Maggie Rose Band/photo: Michael Lepek
After Rose’s triumphant performance, the crowd was revved up and ready for Ingram to come on. They soon got their wish as he ambled out clad in distressed jeans and a “Kingfish” shirt like the ones being hawked at the busy merchandise booth.
Ingram didn’t waste any time getting the crowd into the Juke Joint vibe as his first song “She Calls Me Kingfish” featured many Clarksdale references and guitar-licks that would make Muddy, Buddy, Jimi, and others proud.
photo: Roman Sobus
Often described as an “old soul,” it’s obvious that Ingram has studied the blues pioneers before him and has picked up some of their moves and mannerisms. But despite his young age, this phenom has already managed to perfect his own distinct sound and was equally adept with acoustic numbers as well as full-on blues jams.
While the show focused heavily on tunes from 662, Ingram went back to his inaugural album, Kingfish, to play “Fresh Out,” which he originally recorded with one Mr. Buddy Guy. Following this foray, the show took a serious turn as the young man from Mississippi took on social justice with “Another Life Goes By.”
Next up was “Empty Promises,” which featured some incredible riffs and showcased his old-soul vocal chops. Ingram even took a page from Guy’s playbook and brought his axe out among the audience. He eventually made it up to the upper reaches of the Vic and never missed a beat---even with so many attendees jockeying for photo ops!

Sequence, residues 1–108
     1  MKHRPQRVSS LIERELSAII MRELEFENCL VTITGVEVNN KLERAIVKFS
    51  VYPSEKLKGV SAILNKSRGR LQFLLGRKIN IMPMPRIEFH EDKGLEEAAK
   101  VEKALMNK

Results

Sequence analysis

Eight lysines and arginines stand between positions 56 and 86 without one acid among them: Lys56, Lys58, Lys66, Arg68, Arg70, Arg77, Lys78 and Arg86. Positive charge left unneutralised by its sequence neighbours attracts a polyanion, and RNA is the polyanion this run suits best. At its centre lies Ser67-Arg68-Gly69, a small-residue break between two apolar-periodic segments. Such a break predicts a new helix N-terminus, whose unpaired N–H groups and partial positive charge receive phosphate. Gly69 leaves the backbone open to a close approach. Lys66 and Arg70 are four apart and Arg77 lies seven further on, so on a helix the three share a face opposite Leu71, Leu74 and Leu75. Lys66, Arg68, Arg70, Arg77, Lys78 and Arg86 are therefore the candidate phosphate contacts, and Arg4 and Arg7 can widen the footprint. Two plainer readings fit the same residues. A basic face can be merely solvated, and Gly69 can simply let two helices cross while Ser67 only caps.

photo: Michael Lepek
Following these fireworks, Ingram took it down a notch and did a mini acoustic set that included “Too Young to Remember.” As he sang about juke joints, shack parties and whiskey flowing, this young bluesman transported the crowd to the genre’s deep Delta roots.
Ingram is already a savvy bandleader and was soon rejoined with a stellar supporting cast that included Eric Robert on keys, Chris Black on drums and Shawn Allen filling in on bass for Paul Rogers who had a family emergency. The crew did a rocking rendition on “That’s What You Do” before segueing into “Something in the Dirt.” This autobiographical number vividly describes Ingram’s background and how his Clarksdale upbringing shaped his musical heritage.
Kingfish & Toronzo Cannon/ photo: Roman Sobus
Another highlight of the show was when Ingram invited Toronzo Cannon onstage for “Born Under a Bad Sign,” that featured the two Alligator artists “cutting heads” for some fantastic guitar interplay that included riffing on the strings with their teeth. Ingram was also quick to thank Cannon for supporting him throughout his career.
Ingram closed off the night in fine fashion as he did an incredible rendition of “Hey Joe” by Jimi Hendrix that had the crowd enthralled and in awe of what they had just seen. There’s no denying that “Kingfish” Ingram is destined to fill larger halls and be an even bigger draw in the very near future. This young man who was born and bred in the birthplace of the blues has the chops and the charisma to carry the torch for many years to come.